What do you think about Street Photography in India?
I feel that Street photography in India is growing stronger by the year. We have world-class talents (The Vohra brothers, Sasikumar Ramachandran to name a few) who are inspiring more and more people to join the ranks of street photographers. There is so much life and potential in this country that I am expecting a real boom in the coming years.
Although there is still a bit of confusion between street & travel photography for a majority of people, I feel that we are now having a core group of hardcore street photographers who regularly feature in international competitions. What I would love to see in the coming years is more street shooters from smaller towns and rural areas. This is the next step for me. There is so much variety in this country in terms of culture, landscapes, people. Imagine the number of scenes and situations we are yet to see! I’d love to see street photography from the North-East or from the Himalayas.
What do you think makes a memorable street photograph?
A memorable street photograph needs to have layers, great light, a head replaced by something else, a couple of limbs, illusions and humor, that’s it (laughs).
Jokes apart, to me, there is no set formula. A memorable street photograph needs to arrest me. It can be an illusion, a moment of joy, a mood; anything that makes me stop and think “Whaaaaaaat or Woooooow”. Over the years, my taste has evolved and while I still enjoy a nice photograph with great form, I am more and more looking for strong content. A memorable photograph is one that stands the test of time. If you can still remember it after a few weeks or months, it is a successful one.
What do you want your viewers to take away from your work?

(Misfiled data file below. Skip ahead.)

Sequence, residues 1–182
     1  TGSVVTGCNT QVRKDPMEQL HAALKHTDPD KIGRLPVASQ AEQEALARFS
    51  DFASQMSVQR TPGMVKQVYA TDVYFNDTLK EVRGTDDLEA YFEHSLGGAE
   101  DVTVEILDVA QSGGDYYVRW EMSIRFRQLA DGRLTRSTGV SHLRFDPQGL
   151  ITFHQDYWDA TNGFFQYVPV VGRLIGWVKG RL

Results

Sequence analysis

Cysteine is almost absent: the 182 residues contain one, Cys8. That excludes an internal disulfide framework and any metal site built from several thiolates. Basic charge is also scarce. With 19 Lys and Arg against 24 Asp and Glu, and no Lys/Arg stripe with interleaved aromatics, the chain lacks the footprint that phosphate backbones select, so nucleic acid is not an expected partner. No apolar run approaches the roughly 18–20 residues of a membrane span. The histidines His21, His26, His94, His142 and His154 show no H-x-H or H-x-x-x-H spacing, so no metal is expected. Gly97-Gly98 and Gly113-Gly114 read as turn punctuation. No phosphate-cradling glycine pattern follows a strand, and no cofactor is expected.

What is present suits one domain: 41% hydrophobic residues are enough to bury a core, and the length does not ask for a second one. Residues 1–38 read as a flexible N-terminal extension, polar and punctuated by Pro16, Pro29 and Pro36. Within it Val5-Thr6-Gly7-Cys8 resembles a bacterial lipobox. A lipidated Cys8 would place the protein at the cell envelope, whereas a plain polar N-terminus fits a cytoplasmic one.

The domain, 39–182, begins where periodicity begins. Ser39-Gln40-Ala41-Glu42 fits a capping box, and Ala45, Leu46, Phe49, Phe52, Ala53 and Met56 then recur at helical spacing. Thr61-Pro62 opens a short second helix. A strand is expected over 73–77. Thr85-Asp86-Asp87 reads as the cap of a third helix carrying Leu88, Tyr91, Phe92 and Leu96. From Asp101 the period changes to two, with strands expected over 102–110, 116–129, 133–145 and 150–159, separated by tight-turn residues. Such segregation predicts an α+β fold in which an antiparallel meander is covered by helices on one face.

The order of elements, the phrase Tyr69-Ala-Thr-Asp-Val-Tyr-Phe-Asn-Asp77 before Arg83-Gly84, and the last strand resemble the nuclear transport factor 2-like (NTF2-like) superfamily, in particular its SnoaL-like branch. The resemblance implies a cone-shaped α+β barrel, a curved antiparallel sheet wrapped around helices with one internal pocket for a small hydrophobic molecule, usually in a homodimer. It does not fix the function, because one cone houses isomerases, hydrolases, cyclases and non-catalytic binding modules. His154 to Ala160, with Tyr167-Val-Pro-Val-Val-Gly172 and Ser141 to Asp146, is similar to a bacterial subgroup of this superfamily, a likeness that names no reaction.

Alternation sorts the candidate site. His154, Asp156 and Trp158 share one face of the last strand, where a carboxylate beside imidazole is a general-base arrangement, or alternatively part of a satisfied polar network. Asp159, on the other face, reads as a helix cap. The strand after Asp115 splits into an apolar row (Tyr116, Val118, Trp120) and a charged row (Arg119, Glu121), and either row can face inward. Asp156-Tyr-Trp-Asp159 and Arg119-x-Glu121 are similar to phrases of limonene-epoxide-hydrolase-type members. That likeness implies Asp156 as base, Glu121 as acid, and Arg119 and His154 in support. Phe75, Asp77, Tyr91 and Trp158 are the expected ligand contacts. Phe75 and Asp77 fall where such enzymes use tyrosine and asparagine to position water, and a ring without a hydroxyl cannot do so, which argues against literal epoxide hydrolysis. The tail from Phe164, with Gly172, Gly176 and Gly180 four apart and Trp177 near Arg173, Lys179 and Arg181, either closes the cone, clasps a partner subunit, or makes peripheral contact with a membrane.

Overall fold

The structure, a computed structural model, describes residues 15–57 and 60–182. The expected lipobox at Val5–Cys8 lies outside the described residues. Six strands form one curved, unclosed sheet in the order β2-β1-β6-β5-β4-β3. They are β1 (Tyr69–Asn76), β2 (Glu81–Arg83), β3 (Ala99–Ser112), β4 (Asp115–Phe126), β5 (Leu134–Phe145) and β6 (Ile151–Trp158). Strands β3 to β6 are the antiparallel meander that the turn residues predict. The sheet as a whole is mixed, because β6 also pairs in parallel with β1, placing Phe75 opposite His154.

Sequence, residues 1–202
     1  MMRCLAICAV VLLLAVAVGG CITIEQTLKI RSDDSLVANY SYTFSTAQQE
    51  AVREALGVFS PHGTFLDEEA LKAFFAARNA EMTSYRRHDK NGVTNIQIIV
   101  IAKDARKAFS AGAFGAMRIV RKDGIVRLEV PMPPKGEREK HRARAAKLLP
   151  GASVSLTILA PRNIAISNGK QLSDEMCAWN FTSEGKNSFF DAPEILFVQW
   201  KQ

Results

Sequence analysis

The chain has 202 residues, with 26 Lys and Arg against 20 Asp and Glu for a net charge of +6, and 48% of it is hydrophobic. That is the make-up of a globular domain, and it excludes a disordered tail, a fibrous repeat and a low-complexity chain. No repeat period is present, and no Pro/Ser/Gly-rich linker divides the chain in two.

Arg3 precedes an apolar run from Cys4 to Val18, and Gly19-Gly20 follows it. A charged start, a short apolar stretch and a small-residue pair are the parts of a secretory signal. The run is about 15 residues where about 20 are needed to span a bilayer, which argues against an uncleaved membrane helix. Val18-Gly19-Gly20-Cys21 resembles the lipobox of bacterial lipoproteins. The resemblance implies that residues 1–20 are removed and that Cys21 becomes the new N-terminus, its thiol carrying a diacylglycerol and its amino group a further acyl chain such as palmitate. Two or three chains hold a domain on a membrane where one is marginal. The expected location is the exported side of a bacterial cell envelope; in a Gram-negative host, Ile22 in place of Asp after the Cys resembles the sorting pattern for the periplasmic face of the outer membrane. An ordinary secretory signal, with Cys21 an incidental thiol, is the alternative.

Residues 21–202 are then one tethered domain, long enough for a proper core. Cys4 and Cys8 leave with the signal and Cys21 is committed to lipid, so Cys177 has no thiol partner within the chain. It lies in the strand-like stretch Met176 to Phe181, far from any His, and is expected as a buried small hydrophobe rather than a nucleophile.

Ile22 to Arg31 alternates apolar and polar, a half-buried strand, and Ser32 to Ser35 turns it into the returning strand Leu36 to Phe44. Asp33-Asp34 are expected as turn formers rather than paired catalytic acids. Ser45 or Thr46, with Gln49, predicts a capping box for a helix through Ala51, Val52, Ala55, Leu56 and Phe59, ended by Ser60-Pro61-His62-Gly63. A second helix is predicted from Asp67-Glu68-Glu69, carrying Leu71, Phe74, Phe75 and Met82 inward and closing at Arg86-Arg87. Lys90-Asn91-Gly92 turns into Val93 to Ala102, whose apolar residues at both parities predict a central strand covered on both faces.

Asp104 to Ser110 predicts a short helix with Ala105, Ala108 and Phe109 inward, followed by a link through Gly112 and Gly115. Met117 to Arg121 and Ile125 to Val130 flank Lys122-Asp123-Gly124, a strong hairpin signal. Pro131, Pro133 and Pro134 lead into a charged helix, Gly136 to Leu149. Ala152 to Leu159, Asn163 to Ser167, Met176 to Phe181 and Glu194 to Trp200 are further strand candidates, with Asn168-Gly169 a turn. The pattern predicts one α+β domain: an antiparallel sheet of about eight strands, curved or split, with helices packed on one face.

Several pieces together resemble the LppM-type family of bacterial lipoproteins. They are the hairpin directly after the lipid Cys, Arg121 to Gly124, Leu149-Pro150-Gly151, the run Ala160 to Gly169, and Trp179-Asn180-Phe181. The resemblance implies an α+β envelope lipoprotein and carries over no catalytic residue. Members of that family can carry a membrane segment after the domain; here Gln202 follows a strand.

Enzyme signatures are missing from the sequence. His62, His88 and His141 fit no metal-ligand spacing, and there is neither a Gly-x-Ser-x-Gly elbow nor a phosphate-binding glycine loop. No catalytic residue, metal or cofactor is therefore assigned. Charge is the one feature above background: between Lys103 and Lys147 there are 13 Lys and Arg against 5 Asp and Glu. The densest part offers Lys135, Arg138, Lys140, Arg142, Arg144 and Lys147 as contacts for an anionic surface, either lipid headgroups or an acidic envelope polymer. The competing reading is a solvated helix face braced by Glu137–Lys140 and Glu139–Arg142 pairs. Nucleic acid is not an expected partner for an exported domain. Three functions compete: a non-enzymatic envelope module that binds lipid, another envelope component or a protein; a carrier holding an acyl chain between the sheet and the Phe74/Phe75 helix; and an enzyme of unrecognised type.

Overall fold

What I’d like people to take away from my work is that there are pictures out there waiting to be taken. Life is continuous and every moment is ripe with potential. I hope that by looking at my work, it will inspire people to pick up the camera, pay attention to their surroundings and go shoot.
What do you do to keep motivated, and not lose your passion for photography?
Street photography can be frustrating at times. You may go through weeks without being able to see anything or taking any worthwhile shots. This challenge is what makes it so addictive. You know that at some point, you’re going to get that shot that gives you a rush. That’s what keeps me going.
However, it’s also good from time to time to take a break and disconnect completely from photography. It’s like recharging the batteries. You need that every once in a while.
Finally, I think that one thing that keep me going is the sense of community that is there. Many people I know have only started street photography in the last 3-5 years. We are all growing together and I feel that there is a lot support within us. Especially with people from Bangladesh (who are some of the sweetest people I know). This really helps me stay motivated.